US study indicates that online activity like gaming can give a mental edge
Studies in Canada last year that showed that senior citizens benefitted mentally from participation in online activities (see previous InfoPowa report) have been complemented by studies in the United States which indicate that the same positive effects apply to students.
The December issue of the British science journal 'Perception' reported on a study carried out by US psychology researcher Rolf Nelson at Wheaton College, Illinois which suggested that online gaming may have a positive influence on the development of the human brain.
In Nelson's study, 20 students regularly played online games and showed signs that such activity can boost cognitive ability in different key areas.
The 20 students were presented with a spatial relations problem both before and after playing either a strategy or action game. In the second test, participants who had played the action game were found to have completed the task much faster than during their first attempt, while those who played the strategy game reportedly finished the task with a far greater degree of accuracy the second time around.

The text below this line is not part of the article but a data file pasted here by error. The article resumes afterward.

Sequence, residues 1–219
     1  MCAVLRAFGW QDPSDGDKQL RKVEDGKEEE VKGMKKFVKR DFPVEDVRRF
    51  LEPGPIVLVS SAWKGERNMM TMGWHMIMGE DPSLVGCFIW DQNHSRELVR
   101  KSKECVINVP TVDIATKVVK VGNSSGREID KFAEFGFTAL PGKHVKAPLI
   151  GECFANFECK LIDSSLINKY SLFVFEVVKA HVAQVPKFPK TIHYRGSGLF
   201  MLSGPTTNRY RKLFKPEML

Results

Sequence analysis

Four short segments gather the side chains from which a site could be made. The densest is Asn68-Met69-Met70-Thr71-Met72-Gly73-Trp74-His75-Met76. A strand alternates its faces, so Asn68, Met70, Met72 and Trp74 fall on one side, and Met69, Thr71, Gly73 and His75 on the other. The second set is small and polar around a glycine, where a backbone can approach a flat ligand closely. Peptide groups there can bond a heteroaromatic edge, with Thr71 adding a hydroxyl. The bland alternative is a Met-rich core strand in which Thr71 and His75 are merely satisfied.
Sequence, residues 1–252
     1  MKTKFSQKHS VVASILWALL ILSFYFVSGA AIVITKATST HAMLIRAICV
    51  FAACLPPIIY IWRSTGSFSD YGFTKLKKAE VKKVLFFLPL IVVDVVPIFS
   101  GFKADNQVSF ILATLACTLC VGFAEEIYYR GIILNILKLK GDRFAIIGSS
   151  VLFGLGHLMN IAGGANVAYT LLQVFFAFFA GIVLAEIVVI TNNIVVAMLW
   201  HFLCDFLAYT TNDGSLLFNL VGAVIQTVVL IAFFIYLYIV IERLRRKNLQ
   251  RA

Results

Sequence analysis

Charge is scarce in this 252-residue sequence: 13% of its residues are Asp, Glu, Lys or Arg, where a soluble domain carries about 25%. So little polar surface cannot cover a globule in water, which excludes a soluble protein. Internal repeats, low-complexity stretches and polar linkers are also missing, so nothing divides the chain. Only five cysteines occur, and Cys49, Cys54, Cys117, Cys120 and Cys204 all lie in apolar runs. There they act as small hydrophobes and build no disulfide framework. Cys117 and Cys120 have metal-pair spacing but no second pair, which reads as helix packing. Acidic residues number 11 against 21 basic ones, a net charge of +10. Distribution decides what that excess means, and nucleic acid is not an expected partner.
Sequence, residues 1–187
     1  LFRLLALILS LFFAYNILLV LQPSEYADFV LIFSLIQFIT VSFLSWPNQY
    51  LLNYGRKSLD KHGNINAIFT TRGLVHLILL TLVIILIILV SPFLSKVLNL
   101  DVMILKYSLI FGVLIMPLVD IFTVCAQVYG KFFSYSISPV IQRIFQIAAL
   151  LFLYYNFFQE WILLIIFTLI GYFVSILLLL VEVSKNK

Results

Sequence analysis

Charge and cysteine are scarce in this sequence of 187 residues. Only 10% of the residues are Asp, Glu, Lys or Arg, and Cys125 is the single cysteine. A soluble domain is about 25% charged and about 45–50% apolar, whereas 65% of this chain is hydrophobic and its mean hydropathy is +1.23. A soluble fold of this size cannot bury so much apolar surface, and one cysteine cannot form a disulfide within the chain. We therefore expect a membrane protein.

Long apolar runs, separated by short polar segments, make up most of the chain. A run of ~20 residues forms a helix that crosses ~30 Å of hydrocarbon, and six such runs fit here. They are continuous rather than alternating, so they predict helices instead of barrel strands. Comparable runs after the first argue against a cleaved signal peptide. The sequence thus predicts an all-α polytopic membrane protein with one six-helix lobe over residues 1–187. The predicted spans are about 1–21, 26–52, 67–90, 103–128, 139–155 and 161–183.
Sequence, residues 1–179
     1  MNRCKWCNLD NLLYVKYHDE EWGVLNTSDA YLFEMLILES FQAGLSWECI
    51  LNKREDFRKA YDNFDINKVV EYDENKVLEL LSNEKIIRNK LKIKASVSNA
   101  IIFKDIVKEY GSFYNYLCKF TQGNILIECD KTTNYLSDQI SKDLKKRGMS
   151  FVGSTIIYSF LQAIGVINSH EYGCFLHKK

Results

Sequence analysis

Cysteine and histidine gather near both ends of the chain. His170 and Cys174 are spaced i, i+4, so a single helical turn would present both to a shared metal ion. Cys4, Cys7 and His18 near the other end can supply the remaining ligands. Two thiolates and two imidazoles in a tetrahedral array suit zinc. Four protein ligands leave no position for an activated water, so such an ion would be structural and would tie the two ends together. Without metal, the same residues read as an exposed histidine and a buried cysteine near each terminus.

Nelson concluded that playing action games can improve cognitive speed, while puzzle and strategy games may enhance cognitive accuracy in the long-term – with the results showing strong evidence to support both claims.
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